How to Mine Tweets for Sentiment Analysis with the ParseHub API

If you ever need to analyze social media sites for your business analytics, you will notice two things: it takes some serious technical prowess to code everything yourself, and it takes some seriously deep pockets to get a consultant or a software company to do it for you. Fortunately, there are APIs that you can use to help with both of these problems.

I use ParseHub, a desktop Web scraping application, to collect text from sites like twitter.com, and process the data using textual analysis APIs. In a recent research project, I used the sentiment analysis API from text-processing.com to analyze the tone of 27,000 tweets that were scraped with ParseHub. This information was used to identify two trends that could have predicted the results of the Presidential Primaries: Hillary Clinton and Donald Trump were both mentioned more than their opponents by news networks, and they sent tweets that were more emotional.

This tutorial will show you the steps needed to mine the the sentiment of tweets, by integrating them into a Python project with ParseHub’s API options and sending them to the text-processing API for sentiment analysis.

I used Jupyter/iPython Notebook to analyze my data. You can find a ParseHub tutorial on data analysis using iPython notebooks here, or find a ProgrammableWeb example of using ParseHub with Python here. Feel free to follow along with whatever your preferred data analysis language is, and let us know about your experience in the comments or in an email!

Collecting Tweets From Snapbird.org With ParseHub

In order to instruct ParseHub to extract the desired tweets, you will need to create a ParseHub project in the desktop application. Once the project is created, the data it extracts can be integrated into your Python script using one of ParseHub’s API options. You can run a project and download its data either through the desktop app, sent in a scheduled email, or controlled remotely using HTTP requests.

I collect tweets from the website snapbird.org, because it saves nearly 3,000 of the latest tweets from any twitter account, whereas twitter.com only lets you see the last 800 or so. When the ParseHub project is run, it extracts all 3,000 tweets from each twitter account that is entered as a list. Here is how you can create a similar project:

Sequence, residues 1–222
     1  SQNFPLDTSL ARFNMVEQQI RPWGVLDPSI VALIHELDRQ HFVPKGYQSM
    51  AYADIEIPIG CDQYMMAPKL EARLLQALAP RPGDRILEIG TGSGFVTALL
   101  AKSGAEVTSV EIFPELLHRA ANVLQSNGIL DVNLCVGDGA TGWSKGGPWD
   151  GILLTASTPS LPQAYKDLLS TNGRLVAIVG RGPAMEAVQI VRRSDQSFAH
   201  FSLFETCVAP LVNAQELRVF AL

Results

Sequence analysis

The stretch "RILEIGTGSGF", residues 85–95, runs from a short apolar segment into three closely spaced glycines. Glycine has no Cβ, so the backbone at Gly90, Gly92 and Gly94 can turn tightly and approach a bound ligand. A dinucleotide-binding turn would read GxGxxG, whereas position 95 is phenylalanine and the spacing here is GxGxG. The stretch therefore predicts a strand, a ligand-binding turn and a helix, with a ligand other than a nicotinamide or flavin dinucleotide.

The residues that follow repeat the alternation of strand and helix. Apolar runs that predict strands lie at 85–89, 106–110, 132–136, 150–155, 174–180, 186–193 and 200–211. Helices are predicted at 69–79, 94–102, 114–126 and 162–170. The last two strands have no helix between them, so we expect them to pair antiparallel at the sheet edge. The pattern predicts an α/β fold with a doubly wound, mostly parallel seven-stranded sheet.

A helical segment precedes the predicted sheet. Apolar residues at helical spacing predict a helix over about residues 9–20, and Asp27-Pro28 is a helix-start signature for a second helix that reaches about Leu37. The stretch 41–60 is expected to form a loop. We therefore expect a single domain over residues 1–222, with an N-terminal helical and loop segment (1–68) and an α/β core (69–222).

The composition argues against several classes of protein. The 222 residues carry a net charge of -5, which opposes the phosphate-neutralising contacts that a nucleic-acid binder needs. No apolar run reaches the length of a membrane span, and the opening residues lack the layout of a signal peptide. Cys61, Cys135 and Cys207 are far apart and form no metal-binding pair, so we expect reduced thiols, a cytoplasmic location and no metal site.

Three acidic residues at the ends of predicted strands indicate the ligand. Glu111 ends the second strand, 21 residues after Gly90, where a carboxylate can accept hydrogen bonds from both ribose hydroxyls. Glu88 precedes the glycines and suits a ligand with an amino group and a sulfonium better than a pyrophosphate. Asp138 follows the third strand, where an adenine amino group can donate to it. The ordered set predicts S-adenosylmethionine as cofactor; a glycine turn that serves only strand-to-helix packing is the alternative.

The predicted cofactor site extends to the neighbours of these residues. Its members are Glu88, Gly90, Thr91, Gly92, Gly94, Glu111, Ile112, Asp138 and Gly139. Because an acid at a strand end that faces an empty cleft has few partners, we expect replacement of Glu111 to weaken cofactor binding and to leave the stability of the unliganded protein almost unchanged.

Open Snapbird.org and Navigate to the Log In Page

  1. Open snapbird.org in the ParseHub desktop app and click "Create New Project". Your project will be created, and you will start on the main_template.
  2. Select the button that says "LOG IN USING TWITTER" in the AJAX pop up window. Rename the selection "login_button".
  3. Click on the "plus" button next to the "Select page" command to add a new command.
  4. Choose the Click tool from the pop-up menu. This menu has a variety of tools you will use to handle interactive elements and get data.
  5. In the pop-up window select "Go to a new template" and create a new template named "signin_page". ParseHub will now open the new page for you.

Use ParseHub to log in with email and password

  1. You are now in the new template called signin_page. Click on the "Username or email" text input box to select it, and enter your Twitter username into the text box.
  2. Click on the "plus" button on the "Select page" command, and choose the select tool from the menu.
  3. Click on the "Password" text input box and enter your Twitter password.
  4. Click on the "plus" button on the "Select page" command and choose the select tool again from the menu.
  5. Select the button that says "Authorize app".
  6. In the pop-up window select "go to new template" and rename the template "search_page". I told ParseHub that it Uses AJAX, not that it Loads a new page, since there are some funny redirects that happen before you reach the page you want.

Searching for multiple Twitter accounts

  1. You are now back on the snapbird.com home page, in the template search_page. Click the "plus" button and add the Loop command.
  2. Under "for each", enter the variable name, and under "in" enter an array of Twitter accounts. This commands ParseHub to make a loop though all of the different Twitter accounts that you would like to scrape.
  3. Select the text box that has your user name in it by default with the Select tool.
  4. The variable name was given to the name of each twitter account in your list, so change the input type from "text" to "expression" and enter name, with no quotation marks.
  5. Select the search button with the text "Find It!" and tell ParseHub to click it. Since this will not take you to a new page or open an AJAX window, I told ParseHub to "Continue" with the current template. This causes the first 100 tweets to appear on the page.